How often have parents heard that plea? Perhaps I should be a little more specific and ask, "How often have 20th or 21st century American parents heard that plea?" I’m not sure how common it is in other countries where there is and has been less affluence, so I will confine the question to Americans and, perhaps, Canadians.

Back to the subject at hand: Why do I ask this question? Because, I think this circumstance is indicative of modern families, who may have more money than wisdom. It is not uncommon for Mom to get a job, after the kids are mostly grown, so that often means there is an increase in household money. It happens about the time Junior learns to mount an effective petition. In fact, the latter follows the former as dependably as pimples follow double chocolate fudge sundaes!

Junior has a lot of expenses, and some of them are actually legitimate! And Oh, my, wouldn’t it be just great if Mom and/or Dad would underwrite them! As I have previously, and perhaps infamously, declared, teenage boys are 95 parts testosterone and foolishness and 5 parts good sense. Now, they don’t agree with me, but I stick to my position, and I defy anyone under the age of twenty to prove me wrong. The poor beleaguered parents of this world are nodding their heads so vigorously they are in danger of losing what few marbles they have succeeded in squirreling away during these trying years of parenting modern teens.

But I digress. Back to the discussion at hand: We modern parents have become patsies. The kids see us coming! Even worse, they have lived with us so long, they have our number! They know just how to get around our defenses. But are we being wise to let them get away with it? I’m not sure we are being wise, or even being kind. Sooner or later they will have to start living in a real world, and it is better for them if it happens sooner, rather than later.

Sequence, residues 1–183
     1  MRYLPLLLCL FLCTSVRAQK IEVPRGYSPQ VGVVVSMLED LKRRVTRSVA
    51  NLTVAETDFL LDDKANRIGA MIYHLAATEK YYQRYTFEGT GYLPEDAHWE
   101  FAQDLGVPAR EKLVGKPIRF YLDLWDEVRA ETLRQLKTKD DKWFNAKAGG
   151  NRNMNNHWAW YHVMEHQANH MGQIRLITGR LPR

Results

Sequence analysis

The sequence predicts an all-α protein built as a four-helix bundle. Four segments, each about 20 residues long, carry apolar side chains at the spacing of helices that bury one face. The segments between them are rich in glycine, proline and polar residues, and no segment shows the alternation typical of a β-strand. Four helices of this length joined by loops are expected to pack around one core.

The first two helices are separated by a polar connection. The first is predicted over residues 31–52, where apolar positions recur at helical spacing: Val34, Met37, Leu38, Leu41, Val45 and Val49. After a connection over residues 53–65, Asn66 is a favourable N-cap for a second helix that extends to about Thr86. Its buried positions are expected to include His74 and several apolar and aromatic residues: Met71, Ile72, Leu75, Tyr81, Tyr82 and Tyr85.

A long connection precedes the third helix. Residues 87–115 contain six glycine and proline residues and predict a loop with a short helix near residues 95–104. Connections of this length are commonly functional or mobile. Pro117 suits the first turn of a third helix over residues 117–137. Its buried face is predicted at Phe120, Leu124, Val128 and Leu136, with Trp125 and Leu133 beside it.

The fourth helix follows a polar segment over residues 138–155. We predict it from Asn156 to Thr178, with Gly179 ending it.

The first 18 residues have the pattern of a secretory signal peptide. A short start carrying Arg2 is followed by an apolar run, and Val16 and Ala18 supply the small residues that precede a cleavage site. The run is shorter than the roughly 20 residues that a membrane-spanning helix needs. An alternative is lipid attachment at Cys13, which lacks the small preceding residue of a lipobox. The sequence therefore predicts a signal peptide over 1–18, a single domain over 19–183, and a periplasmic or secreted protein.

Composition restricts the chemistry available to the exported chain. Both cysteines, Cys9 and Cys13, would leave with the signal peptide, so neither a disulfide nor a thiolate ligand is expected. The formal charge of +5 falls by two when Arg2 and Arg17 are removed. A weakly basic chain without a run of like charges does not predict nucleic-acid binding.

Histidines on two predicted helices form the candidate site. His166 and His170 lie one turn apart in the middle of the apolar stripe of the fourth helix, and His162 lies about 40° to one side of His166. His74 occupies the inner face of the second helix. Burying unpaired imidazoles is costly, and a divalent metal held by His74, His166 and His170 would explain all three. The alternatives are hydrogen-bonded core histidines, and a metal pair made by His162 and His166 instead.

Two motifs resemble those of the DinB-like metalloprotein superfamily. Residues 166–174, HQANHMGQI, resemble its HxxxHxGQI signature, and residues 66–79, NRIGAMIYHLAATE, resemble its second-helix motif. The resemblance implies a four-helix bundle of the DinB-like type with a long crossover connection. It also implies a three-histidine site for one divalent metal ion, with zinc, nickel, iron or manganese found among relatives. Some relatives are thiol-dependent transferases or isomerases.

Why do I say that? Because they have to learn how to handle money, and they have to learn that saving it is wiser than spending it. They have to learn how to differentiate their wants from their needs. Perhaps the hardest part for them to learn is that food, four or five articles of clothing and a roof to keep off the rain or four walls and a roof to keep out the cold are their only true essentials. Shoes are nice, but a large percentage of the world’s people have none. Soap is great and showers are better, but they won’t lose their lives if they have neither. Just ask GIs who have seen combat.

Unfortunately, American kids think McDonald’s is a necessity, or is it Burger King? And then there is that thing of movies every night. Neither is more than a modern luxury, and they must learn to finance their own luxuries, otherwise they will continue to think of them as necessities.
We parents can do this, and, for our kids sake, we must. By the time they leave home, they must be able to stand on their own two feet, but they never will, unless they learn the difference between necessities and luxuries. Teaching them is our job, and we must not abdicate that responsibility.

Muriel Sluyter

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